Dispersive Properties of Leaky Interface Waves in Adhesive Layers
There are two types of guided modes we can speak of in connection with adhesive bonds. First, there are the guided modes of the adhesive joint as a sandwich-like, multi-layered structure which are basically Lamb-type plate modes, and second, there are the guided modes of the adhesive layer which are interface modes between two apparently semi-infinite adherend half-spaces (see Fig. 1). Guided modes of the first type have been used for ultrasonic inspection of adhesive bonds for almost fifteen years [1–5], but it became more and more clear that the sensitivity of this technique left much to be desired. It was recently established by the authors that guided modes of the second type offer superior sensitivity to both cohesive and adhesive properties of the adhesive bond . This is not surprising at all since, although the adhesive layer is only a small percentage of the total joint thickness, all defects are expected in this crucial region or on its boundaries. Consequently, an acoustic wave which is effectively confined to this very region should be more sensitive than other modes trapped in the joint as a whole. The main purpose of this paper is to develop the analytical tools needed to study the dispersive properties of guided interface waves in adhesive layers and to compare the corresponding theoretical and experimental dispersion curves.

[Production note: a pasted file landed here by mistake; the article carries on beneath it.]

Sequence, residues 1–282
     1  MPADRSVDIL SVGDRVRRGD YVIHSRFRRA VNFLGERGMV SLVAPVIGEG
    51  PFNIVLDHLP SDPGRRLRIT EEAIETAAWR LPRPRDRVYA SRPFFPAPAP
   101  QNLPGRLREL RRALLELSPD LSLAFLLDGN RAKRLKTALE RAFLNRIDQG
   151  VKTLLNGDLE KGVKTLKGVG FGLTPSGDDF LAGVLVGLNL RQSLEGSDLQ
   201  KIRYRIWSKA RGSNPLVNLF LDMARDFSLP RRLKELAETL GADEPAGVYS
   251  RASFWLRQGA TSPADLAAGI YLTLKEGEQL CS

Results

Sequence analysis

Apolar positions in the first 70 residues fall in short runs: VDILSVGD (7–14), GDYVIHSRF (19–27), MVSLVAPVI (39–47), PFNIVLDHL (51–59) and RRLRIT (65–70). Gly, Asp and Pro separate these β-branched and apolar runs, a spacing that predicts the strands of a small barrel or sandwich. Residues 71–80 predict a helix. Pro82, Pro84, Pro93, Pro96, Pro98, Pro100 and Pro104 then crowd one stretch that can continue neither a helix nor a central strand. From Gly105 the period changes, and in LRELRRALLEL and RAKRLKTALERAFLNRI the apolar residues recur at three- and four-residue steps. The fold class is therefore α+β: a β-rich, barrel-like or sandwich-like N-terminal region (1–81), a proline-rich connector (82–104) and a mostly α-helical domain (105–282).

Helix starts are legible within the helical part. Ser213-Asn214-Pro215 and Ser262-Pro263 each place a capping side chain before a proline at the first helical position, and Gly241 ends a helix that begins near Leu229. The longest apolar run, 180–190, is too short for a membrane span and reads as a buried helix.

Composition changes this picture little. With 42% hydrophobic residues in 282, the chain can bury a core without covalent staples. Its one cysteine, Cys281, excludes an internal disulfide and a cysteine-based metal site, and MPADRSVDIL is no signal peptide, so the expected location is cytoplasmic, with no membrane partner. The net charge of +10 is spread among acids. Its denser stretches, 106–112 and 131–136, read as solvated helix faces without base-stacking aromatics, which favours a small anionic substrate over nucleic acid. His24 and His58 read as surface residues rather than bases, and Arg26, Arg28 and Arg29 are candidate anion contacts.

KeywordsDispersion Curve Transmission Coefficient Adhesive Layer Adhesive Joint Dispersive Property
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